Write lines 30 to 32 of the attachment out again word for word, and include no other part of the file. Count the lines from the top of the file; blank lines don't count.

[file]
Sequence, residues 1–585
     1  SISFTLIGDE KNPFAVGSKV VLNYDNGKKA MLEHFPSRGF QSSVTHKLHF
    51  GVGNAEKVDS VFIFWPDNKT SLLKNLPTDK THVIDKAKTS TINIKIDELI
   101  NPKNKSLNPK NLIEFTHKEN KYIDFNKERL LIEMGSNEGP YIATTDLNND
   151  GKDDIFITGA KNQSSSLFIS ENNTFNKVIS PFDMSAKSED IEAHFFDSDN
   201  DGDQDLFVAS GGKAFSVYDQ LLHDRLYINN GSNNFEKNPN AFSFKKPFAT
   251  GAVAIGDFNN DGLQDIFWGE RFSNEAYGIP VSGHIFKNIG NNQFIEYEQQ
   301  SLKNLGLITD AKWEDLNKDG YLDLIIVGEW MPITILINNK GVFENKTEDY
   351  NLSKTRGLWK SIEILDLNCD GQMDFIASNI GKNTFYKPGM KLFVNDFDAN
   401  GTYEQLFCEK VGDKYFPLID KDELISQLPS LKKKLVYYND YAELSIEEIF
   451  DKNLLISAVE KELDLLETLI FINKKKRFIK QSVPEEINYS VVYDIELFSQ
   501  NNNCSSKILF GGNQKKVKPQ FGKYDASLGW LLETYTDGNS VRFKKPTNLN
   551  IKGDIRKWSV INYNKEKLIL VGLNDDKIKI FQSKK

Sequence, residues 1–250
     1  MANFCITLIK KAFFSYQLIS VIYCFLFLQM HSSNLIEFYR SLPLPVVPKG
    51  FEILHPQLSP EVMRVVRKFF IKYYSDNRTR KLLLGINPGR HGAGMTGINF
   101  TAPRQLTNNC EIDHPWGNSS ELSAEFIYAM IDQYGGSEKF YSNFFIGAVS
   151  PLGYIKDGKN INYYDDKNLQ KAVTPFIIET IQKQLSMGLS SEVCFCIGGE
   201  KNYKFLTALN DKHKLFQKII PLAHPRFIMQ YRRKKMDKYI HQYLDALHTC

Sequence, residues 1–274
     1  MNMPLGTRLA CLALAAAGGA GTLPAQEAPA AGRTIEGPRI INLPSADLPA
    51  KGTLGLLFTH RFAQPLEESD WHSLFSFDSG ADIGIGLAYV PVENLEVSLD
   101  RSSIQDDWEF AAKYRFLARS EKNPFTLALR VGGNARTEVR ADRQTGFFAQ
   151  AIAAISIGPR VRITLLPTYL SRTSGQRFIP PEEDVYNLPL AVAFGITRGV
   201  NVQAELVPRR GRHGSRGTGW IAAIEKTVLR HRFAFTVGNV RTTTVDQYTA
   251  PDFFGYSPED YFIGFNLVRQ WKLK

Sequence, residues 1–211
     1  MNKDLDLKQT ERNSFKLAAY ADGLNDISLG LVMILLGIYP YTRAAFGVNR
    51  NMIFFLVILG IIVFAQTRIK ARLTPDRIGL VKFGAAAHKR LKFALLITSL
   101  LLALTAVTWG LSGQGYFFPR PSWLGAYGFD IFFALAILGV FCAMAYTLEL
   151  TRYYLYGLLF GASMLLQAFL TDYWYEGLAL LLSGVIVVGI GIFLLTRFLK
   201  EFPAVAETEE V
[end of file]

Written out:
   101  LLALTAVTWG LSGQGYFFPR PSWLGAYGFD IFFALAILGV FCAMAYTLEL
   151  TRYYLYGLLF GASMLLQAFL TDYWYEGLAL LLSGVIVVGI GIFLLTRFLK
   201  EFPAVAETEE V